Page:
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Re: Re: Re: Re: Re: Role of the legs

Posted by: ray porco (rporco@verizon.net) on Tue Jul 5 20:04:29 2005


Sorry if the crap gets a little deep, but there is no other way for me to say it.

The biggest problem with cues is you can’t and shouldn’t use them during competition.
All your senses should be finely attuned to visual reaction. Focus is the watchword.

The point I was trying to make to you /anyone willing to listen with the simple experiment of concentrating on and moving just your left knee, then just your right knee, then just rotating your hips is that:

muscles acting at a joint produce torque and combine this torque with interaction torques (generated by movement of linked joints) to produce the correct amount of torque to accomplish task (anticipatory response). Adjustments are made with inter-segmental interaction torques.

For example, during a reach involving multiple joints, elbow movement will cause an interaction torque to occur at the shoulder, and shoulder movement will cause an interaction torque to occur at the elbow. These torques are velocity and acceleration dependent and will increase in magnitude as movements are made more rapidly.

A Fable:

A centipede was happy, quite,
Until an ant, in fun,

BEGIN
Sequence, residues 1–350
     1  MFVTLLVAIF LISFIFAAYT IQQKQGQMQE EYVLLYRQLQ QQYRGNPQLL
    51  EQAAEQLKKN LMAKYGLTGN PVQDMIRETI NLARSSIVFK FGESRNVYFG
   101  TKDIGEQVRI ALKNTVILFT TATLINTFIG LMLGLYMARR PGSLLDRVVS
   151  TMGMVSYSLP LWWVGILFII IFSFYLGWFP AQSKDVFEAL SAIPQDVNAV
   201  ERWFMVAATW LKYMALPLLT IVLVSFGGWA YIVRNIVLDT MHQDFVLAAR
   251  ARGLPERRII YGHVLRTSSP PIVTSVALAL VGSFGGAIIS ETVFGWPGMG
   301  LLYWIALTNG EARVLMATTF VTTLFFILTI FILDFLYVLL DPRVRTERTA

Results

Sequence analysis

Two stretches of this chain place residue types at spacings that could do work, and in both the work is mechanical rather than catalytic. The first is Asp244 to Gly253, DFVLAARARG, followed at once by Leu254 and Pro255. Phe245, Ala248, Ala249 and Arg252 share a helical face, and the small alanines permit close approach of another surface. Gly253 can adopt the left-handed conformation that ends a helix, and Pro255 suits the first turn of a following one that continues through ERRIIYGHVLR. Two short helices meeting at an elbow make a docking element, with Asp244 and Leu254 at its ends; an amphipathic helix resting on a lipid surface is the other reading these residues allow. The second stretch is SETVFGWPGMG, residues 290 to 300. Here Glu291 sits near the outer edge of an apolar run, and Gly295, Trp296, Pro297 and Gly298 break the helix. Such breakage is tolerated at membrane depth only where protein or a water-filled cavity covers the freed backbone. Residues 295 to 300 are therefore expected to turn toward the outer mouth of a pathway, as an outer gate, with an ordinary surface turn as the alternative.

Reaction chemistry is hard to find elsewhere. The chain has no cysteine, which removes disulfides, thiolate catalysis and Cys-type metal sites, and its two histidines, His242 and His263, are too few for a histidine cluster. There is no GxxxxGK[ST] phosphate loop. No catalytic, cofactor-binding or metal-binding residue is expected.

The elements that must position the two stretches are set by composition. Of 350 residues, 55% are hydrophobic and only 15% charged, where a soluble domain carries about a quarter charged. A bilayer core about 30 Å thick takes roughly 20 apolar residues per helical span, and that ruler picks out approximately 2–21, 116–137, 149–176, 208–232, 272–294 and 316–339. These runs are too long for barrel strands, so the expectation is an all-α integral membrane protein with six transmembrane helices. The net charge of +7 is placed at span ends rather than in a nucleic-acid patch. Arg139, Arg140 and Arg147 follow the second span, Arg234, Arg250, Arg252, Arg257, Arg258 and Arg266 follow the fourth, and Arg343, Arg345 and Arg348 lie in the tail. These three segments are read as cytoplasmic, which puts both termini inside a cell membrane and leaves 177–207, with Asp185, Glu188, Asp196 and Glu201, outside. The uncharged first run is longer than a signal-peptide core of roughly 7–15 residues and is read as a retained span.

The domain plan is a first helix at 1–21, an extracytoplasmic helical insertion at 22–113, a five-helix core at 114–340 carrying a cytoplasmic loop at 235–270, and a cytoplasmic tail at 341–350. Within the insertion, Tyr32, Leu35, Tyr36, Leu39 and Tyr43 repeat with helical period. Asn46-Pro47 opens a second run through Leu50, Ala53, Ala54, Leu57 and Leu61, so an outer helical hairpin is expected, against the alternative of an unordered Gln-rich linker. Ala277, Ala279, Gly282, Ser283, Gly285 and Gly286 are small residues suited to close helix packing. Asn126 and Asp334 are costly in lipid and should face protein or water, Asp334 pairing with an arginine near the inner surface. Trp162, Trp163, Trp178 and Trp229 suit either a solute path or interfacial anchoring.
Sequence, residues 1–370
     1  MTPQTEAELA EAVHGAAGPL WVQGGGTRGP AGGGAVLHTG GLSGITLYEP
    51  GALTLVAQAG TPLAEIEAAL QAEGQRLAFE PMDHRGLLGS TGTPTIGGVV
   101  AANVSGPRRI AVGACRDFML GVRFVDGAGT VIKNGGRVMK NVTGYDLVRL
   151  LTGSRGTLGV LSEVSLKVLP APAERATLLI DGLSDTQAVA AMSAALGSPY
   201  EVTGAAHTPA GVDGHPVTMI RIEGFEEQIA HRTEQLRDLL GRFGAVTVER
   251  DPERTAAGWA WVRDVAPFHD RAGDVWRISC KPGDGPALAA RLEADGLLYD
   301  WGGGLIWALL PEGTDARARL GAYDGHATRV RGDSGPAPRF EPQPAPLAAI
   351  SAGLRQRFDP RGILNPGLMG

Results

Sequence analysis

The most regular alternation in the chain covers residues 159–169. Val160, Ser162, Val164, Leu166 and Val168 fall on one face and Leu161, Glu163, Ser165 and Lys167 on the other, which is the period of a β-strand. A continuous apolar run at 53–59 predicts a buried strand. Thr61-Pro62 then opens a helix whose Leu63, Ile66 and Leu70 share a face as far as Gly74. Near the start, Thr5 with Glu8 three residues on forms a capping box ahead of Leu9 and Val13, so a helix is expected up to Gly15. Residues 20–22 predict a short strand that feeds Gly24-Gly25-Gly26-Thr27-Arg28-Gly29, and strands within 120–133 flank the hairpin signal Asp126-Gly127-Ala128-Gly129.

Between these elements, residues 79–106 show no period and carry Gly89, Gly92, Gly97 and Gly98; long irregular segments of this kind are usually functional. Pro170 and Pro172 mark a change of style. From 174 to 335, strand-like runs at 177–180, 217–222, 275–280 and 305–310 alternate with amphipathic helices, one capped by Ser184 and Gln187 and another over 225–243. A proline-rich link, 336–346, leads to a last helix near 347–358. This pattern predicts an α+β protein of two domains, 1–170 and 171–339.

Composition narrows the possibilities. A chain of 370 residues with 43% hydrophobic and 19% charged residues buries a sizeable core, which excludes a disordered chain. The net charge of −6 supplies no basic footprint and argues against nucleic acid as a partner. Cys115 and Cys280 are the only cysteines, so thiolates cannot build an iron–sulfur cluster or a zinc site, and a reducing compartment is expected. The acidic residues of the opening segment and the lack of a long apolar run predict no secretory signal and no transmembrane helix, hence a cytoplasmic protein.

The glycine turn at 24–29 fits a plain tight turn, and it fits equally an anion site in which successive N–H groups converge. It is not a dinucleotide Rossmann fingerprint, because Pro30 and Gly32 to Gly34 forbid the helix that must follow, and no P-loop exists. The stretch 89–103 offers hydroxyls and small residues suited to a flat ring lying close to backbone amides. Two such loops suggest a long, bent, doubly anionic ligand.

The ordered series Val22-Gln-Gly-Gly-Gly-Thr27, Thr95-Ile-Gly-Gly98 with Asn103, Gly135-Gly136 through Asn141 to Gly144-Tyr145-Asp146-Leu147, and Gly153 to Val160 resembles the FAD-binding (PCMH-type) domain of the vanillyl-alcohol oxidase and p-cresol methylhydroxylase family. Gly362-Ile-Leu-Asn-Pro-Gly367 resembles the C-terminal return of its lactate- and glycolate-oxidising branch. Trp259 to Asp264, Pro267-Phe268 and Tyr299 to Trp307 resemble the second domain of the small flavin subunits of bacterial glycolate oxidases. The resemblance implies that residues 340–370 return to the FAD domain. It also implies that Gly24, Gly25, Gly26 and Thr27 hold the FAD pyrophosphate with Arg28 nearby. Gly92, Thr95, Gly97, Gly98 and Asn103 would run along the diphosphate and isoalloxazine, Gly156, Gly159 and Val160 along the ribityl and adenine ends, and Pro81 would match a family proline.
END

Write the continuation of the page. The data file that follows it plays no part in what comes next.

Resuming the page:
Said "Pray, which leg comes after which?"
Which raised his doubts to such a pitch,
He fell befuddled in the ditch,
Not knowing how to run.

single joint movements are involved in multi-joint tasks but the movements are not controlled separately. If several elemental single-joint commands were executed simultaneously, a normal multi-joint movement would not be generated; instead, a very disorganized movement would arise.

When you wish to get up from your chair to walk across the room, you first think "get up and walk" (a voluntary action) but then you do not think "shift your weight over your right foot, bend your left knee and raise your left foot, extend the left foot in front of you and land on the heel, transfer body weight to the ball of the left foot while raising your right heel and then........"
What you do when you walk, is a learned motor task that has become an involuntary action.


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